Weinland Park’s food environment is deceiving; although it looks like there are several places to access food, the neighborhood is actually a food swamp and, an area where unhealthy and fast foods are more readily available than healthy grocery foods. While there is a Kroger grocery store located in the south west section of the neighborhood (near the Short North district), the northeast section only has Sam’s East Village Market and a couple other small convenience stores where unhealthy foods are readily available, creating a food insecure neighborhood. In order to get anything healthy, residents must travel to Kroger or the 4th Street Farms community garden.
Weinland Park’s current status as a livable neighborhood and community must be taken into account when looking at overall food accessibility. Sidewalks are narrow and overgrown with plants, a lack of crosswalks makes it difficult to cross the highway-like N 4th and Summit Streets where vehicles drive at very high speeds, and street lamps only illuminate one side of the road at night. These factors make it challenging to walk to the grocery store, causing food to be less accessible to neighborhood residents. The time and distance to walk to Kroger also makes it difficult. For example, if a resident lived near the intersection of E 11th and N Grant, the walk to Kroger would be almost a mile, or around 17 minutes of walking for an able-bodied adult. We also must consider other elements such as brutal winters, carrying a load of groceries back home, and taking along children, which could be considered dangerous with the amount of traffic. Kroger is also a bit more expensive than other grocery stores, while Weinland Park is statistically a lower income neighborhood with low health and high crime.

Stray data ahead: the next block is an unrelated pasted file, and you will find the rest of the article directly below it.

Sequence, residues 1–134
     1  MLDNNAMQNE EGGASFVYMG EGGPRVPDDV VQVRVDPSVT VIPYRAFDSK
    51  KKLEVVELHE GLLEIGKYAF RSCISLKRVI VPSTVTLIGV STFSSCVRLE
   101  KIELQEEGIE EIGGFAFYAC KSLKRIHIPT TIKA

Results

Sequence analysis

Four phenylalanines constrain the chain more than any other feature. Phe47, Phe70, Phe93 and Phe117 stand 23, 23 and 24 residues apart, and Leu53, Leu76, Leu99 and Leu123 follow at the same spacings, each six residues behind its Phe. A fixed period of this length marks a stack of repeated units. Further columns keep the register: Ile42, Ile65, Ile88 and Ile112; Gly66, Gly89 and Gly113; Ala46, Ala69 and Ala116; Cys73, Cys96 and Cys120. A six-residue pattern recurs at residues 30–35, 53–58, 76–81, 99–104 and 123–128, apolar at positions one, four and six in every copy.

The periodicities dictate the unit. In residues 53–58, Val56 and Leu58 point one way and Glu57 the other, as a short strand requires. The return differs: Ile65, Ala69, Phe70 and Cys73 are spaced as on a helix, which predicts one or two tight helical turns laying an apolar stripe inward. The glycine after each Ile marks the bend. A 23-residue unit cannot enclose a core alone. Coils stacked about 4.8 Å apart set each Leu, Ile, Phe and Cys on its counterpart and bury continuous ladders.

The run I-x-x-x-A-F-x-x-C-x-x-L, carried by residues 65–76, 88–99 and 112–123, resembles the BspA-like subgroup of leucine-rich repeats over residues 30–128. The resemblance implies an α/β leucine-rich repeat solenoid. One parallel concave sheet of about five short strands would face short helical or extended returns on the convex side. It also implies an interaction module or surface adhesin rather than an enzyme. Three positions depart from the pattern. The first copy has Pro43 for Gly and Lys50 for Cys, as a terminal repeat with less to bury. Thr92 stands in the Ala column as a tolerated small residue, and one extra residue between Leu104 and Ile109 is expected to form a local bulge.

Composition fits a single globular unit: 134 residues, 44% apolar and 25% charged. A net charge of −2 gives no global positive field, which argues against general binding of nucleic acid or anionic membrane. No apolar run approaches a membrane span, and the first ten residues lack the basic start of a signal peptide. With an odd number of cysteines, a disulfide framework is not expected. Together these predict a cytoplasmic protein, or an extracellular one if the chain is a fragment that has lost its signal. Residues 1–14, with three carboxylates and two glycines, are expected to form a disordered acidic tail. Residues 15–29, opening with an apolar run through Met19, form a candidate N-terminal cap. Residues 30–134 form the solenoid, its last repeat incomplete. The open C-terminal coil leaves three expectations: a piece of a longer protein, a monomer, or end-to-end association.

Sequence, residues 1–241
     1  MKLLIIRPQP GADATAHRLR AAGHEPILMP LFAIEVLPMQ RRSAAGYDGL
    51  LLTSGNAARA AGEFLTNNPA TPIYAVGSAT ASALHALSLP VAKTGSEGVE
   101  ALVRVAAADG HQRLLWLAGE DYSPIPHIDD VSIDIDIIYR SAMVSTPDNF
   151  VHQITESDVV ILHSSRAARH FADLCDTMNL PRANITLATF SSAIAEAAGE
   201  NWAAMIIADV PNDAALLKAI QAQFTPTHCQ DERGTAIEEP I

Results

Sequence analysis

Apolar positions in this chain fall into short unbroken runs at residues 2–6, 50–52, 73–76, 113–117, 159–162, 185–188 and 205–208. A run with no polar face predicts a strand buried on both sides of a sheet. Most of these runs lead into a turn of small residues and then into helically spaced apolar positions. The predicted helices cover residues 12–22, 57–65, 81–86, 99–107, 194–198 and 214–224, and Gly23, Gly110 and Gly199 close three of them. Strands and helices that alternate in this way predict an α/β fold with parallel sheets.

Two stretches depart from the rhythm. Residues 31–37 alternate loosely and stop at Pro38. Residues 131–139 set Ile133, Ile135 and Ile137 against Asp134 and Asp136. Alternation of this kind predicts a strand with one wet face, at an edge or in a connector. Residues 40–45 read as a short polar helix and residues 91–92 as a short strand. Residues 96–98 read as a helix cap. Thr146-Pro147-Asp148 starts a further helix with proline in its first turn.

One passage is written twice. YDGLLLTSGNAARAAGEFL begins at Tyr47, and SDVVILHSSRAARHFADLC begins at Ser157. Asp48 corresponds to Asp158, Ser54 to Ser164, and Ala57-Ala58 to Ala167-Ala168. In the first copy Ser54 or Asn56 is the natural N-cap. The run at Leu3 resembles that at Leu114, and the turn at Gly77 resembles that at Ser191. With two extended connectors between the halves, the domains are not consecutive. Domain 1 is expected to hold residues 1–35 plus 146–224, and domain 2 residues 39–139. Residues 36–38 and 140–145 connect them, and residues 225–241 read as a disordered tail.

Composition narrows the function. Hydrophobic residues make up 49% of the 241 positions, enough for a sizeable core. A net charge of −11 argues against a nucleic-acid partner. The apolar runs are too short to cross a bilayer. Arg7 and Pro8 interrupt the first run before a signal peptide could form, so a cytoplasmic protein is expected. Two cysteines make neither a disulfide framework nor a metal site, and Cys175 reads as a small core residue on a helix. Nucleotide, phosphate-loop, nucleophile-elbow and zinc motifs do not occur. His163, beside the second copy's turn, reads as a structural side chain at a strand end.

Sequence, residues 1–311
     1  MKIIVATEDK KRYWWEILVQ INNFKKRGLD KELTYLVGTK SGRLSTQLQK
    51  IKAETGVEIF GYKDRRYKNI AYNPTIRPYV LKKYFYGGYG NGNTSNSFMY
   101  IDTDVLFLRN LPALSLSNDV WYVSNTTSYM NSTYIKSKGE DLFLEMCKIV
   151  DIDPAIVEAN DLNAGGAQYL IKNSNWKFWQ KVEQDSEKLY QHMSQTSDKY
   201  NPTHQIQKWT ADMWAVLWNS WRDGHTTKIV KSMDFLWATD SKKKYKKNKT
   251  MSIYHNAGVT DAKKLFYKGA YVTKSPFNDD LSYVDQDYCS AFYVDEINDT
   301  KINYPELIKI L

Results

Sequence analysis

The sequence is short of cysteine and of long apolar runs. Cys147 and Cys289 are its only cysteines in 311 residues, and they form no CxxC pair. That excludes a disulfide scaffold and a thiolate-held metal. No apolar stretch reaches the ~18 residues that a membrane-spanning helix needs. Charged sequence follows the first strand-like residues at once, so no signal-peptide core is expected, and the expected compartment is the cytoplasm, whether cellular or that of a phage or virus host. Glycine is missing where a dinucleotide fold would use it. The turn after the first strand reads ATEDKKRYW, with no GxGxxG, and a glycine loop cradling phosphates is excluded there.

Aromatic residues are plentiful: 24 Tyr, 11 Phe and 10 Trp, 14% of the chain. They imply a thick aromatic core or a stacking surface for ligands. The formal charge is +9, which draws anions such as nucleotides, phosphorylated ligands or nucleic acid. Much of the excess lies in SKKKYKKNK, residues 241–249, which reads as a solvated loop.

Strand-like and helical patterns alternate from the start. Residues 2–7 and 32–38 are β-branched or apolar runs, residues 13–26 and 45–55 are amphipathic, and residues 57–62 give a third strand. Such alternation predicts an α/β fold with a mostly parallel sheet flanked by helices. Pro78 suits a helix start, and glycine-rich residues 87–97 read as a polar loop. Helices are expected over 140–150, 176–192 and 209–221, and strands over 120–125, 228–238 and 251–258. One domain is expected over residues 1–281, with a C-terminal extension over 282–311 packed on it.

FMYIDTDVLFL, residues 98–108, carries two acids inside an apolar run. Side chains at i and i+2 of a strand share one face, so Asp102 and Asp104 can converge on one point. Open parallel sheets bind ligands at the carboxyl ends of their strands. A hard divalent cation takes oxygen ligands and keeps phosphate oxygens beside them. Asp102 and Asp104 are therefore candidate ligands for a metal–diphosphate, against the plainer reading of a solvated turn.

Despite the challenges residents face when trying to access a grocery store, the neighborhood has decent walkability rankings. WalkScore rated its walkability, transit, and biking with scores of 84, 55, and 67, respectively. While this is a good foundation for Weinland Park, there are some aspects that could improve the scores significantly. From a planning perspective, more street lighting, crosswalks, and perhaps an ordinance that ensures street plants are cut back could all help to make the walk to the grocery store an easier and safer one. Local government can take control by planning more farmers’ markets and petitioning for more public transit throughout the neighborhood to help improve the transit score of the area as well. In terms of private food businesses, encouraging the start up of a local bodega could create a positive addition to the neighborhood and provide another source of healthy food options.